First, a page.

Genre: Historical Fiction

Notes: Book 24/50 North Korea is..interesting.

Review: I prepared myself for the book to disappoint me.  It has been hyped over the last year and every book club in America has probably read it.  (Mine is too)  But I am happy to say that Johnson did not disappoint!  I’ve never read a book set in North Korea, probably because the entire country cloaks itself in secrecy and mystery. We hear stories about work camps, starvation, and (when Kim Jong Il died recently) the adoration for their Dear Leader and his distinct pompadour.

While writing and researching this novel, Johnson actually received the opportunity to travel to Pyonyang and see North Korea for himself, which lends an air of authenticity to the narrative.  I’m sure he only heard the approved version of North Korean history and saw only approved sites but nevertheless, he stepped foot in North Korea.

This novel follows an orhpan who isn’t really an orphan named Pak Jun Do. He never knew his mother and grew up in an orphanage as his father was the orhpan master.  Consequently, he is mistaken for an orphan for the rest of his life and gets assigned to terrible duties like tunnel digging in the DMZ and kidnapping unsuspecting Japanese and South Koreans at night.  Pak’s life is ridiculous.  I mean, the trajectory his life takes from a simple misunderstanding of mistaken identity by American diplomats creates what is essentially a suspense thriller.  This novel isn’t just about North Korea and how insane and unpredictable of a place it can be, but how people can cope under extreme circumstances. It helps break the sort of cookie-cutter mold of poor people winning their circumstances and breaking free by offering a less than perfect protagonist.  Pak Jun Do kills people.  He sometimes operates under questionable morals and could probably be best categorized as opportunistic rather than an all around good guy.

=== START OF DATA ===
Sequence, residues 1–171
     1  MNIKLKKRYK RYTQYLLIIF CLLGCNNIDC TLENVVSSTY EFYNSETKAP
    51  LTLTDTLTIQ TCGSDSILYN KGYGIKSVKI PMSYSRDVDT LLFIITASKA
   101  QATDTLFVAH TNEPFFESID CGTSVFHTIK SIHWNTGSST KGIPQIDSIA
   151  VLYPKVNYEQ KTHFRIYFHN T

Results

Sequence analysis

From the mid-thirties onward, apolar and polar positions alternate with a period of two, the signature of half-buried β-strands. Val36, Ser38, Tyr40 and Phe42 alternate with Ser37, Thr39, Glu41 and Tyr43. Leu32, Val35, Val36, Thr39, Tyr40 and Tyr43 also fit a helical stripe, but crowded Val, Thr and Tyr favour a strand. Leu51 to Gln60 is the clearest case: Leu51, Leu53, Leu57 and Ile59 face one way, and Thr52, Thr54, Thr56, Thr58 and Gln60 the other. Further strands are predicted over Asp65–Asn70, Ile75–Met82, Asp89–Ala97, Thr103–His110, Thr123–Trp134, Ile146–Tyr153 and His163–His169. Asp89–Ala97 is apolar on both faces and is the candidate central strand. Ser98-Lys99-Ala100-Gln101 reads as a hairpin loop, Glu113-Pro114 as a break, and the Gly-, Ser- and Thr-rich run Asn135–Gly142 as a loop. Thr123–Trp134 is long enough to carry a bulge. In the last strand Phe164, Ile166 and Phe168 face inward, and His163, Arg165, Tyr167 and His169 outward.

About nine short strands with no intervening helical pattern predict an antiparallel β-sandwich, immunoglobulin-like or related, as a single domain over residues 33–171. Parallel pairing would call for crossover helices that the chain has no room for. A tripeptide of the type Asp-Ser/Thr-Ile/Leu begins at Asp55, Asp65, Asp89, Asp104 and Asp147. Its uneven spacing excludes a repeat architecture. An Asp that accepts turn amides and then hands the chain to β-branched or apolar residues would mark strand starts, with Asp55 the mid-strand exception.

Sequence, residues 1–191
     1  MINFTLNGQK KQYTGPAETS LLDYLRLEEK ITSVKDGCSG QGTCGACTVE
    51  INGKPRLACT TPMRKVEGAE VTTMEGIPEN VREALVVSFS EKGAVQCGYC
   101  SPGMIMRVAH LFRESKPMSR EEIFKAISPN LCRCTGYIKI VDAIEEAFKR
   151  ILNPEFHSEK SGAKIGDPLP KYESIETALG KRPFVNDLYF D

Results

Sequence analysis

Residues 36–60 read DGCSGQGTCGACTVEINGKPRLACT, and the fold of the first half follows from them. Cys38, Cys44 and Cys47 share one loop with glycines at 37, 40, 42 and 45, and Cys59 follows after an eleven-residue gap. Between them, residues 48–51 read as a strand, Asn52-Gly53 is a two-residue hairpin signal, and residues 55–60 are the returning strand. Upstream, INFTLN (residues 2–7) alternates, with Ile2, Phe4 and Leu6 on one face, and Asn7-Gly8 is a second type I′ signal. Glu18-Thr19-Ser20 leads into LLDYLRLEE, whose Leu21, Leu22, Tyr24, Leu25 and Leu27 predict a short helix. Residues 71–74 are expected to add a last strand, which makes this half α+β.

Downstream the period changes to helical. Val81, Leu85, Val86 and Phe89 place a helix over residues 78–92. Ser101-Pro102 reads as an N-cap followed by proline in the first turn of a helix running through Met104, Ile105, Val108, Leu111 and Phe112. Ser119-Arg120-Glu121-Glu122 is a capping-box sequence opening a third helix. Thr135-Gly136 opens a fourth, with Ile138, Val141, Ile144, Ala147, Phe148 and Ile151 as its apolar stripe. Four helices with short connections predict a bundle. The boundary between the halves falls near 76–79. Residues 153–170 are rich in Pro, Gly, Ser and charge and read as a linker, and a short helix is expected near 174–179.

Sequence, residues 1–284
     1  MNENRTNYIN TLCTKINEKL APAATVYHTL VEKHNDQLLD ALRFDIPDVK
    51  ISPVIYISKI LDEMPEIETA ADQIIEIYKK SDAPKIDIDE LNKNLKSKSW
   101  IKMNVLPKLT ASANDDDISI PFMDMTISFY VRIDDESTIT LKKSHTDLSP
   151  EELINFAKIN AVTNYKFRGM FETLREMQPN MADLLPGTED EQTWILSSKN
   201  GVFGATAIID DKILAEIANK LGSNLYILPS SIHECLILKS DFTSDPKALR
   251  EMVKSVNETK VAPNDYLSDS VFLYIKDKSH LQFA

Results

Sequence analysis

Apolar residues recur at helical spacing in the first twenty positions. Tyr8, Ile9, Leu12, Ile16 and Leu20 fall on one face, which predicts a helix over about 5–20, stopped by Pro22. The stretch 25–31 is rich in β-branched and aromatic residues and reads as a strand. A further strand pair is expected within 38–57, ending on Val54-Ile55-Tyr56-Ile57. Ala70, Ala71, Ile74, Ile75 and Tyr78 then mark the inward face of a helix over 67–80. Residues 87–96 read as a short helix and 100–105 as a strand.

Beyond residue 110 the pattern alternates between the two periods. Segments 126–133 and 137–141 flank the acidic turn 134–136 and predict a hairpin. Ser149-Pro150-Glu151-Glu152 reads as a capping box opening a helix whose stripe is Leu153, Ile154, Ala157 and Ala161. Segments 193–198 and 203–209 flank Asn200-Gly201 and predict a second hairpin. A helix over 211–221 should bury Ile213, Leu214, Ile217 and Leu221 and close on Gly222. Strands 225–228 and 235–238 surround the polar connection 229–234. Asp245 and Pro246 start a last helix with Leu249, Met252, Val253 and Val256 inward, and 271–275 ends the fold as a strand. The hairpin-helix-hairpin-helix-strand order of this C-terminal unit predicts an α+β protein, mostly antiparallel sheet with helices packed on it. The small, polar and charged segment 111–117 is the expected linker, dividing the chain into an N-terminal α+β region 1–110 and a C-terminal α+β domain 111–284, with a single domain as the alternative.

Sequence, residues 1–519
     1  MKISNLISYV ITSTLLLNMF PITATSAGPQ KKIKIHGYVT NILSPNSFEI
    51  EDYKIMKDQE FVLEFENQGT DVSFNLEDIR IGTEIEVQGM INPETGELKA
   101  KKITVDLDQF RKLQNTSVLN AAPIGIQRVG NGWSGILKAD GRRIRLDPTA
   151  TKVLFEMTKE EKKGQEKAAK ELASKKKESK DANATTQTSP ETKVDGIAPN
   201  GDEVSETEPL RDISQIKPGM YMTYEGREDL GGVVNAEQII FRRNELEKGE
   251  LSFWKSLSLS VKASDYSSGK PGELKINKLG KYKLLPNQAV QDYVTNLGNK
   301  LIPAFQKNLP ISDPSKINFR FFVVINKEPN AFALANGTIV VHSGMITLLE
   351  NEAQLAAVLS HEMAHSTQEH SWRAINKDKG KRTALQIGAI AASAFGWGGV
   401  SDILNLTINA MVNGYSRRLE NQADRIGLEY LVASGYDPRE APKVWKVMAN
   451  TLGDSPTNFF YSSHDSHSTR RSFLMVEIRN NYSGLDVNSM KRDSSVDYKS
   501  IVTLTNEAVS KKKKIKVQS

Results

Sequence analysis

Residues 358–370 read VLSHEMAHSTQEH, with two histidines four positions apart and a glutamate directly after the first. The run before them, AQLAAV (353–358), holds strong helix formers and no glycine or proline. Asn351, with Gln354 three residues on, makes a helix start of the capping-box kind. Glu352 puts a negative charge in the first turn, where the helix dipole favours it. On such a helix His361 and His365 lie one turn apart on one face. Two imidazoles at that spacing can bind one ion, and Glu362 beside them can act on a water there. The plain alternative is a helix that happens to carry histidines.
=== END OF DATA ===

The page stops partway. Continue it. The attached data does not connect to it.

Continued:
Probably the best part of the book is how the communist government broadcasts Pak’s story in one chapter while in the next, we get Pak’s version.  The difference between the two is striking and helps readers understand how difficult truth is to come by in this regime. Plus, again, it offers that air of authenticity from Johnson’s painstaking research and visits to North Korea.  It feels real.

Bottom Line: The book is totally worth the hype! There are slightly graphic torture scenes which might turn some people off, but it’s the offhand way some truly awful things are mentioned that reall stuck with me after reading this book. Also, after reading this novel, I’m glad Kim Jong Il is dead.

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